People that leave the company because of their salary may come back if they see opportunities for growth, but someone who leaves because of the culture will never come back. Robert Walters found out that 73% of professionals left a job because they disliked the company culture.
This highlights the impact that company culture can have in attracting and retaining top talent, but also during the hiring process, in the last few years we’ve been seeing more and more companies taking steps towards “Culture fit” and putting it as a top priority in their hiring needs and processes. But should it be a priority? Do you think you can find a balance between culture fit and culture add – Do you think someone that could add value, can also be a culture fit? Let’s find out.
Hmm, but what is the difference between culture fit and culture add?
We all know the term culture fit. But for most of us, culture fit has a different meaning from a company to another, from a “country culture” to another, but mainly from one person to another. The common significance of culture fit is hiring employees whose personalities, beliefs and values, align and match with the company culture. This alignment helps employees to reflect the shared values while performing their job and interacting with customers. However, be careful, hiring purely for culture fit as this may have a negative impact on your organization because it could lead to unconscious biases.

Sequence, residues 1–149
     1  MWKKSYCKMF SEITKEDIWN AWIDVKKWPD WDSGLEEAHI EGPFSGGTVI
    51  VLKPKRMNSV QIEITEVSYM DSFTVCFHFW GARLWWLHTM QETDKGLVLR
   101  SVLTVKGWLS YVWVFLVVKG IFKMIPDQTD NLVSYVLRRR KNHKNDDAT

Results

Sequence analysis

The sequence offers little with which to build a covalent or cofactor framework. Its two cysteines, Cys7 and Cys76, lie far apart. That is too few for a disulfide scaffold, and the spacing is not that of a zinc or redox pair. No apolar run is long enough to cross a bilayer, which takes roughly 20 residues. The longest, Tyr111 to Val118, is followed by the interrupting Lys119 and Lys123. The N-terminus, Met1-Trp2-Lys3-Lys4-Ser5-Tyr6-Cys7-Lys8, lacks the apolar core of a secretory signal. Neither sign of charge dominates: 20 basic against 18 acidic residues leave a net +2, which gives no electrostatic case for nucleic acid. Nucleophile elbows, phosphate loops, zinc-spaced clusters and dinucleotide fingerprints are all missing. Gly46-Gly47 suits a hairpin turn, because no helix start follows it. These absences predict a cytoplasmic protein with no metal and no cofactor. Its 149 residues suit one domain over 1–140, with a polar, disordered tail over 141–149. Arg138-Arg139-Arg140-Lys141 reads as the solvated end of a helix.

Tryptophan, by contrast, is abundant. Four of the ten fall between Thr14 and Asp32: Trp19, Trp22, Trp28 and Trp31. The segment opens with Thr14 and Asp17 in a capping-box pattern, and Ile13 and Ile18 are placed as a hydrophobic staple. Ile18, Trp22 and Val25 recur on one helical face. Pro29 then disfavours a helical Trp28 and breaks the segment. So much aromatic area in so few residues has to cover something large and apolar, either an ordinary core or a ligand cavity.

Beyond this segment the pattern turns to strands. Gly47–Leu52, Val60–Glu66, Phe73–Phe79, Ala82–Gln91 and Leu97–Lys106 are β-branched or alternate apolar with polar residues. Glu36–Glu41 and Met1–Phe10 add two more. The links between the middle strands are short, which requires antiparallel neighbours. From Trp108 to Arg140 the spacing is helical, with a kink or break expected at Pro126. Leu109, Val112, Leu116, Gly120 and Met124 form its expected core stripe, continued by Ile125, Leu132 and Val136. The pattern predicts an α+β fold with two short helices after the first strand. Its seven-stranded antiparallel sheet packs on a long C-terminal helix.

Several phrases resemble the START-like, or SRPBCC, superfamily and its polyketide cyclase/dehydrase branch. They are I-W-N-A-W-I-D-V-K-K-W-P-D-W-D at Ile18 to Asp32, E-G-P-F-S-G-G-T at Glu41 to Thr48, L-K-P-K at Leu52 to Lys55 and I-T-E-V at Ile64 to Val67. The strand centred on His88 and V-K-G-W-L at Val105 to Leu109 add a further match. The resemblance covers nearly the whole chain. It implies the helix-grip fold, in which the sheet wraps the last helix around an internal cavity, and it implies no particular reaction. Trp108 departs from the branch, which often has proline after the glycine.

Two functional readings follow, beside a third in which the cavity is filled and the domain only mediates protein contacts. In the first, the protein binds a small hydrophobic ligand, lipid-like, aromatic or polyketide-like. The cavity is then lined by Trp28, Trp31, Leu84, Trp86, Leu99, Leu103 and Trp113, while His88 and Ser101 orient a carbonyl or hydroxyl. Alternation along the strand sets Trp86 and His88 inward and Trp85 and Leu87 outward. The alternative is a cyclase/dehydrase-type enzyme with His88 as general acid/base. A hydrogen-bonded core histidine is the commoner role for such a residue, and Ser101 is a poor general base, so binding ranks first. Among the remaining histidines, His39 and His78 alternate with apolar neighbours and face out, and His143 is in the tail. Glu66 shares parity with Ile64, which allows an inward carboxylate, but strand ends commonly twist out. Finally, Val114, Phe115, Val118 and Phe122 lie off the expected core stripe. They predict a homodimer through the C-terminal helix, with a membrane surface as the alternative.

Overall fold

Culture add does not mean hiring people based on age, origin, religion, or political background. Instead, focus on hiring someone that can bring added value based on how their cultural differences can have a positive impact on their role. For example, how individuals will deliver on a daily basis with their time, task scheduling, individual and collective performance, their commitment to the company, and their interactions with customers and colleagues.
What happens when you misuse Culture Fit?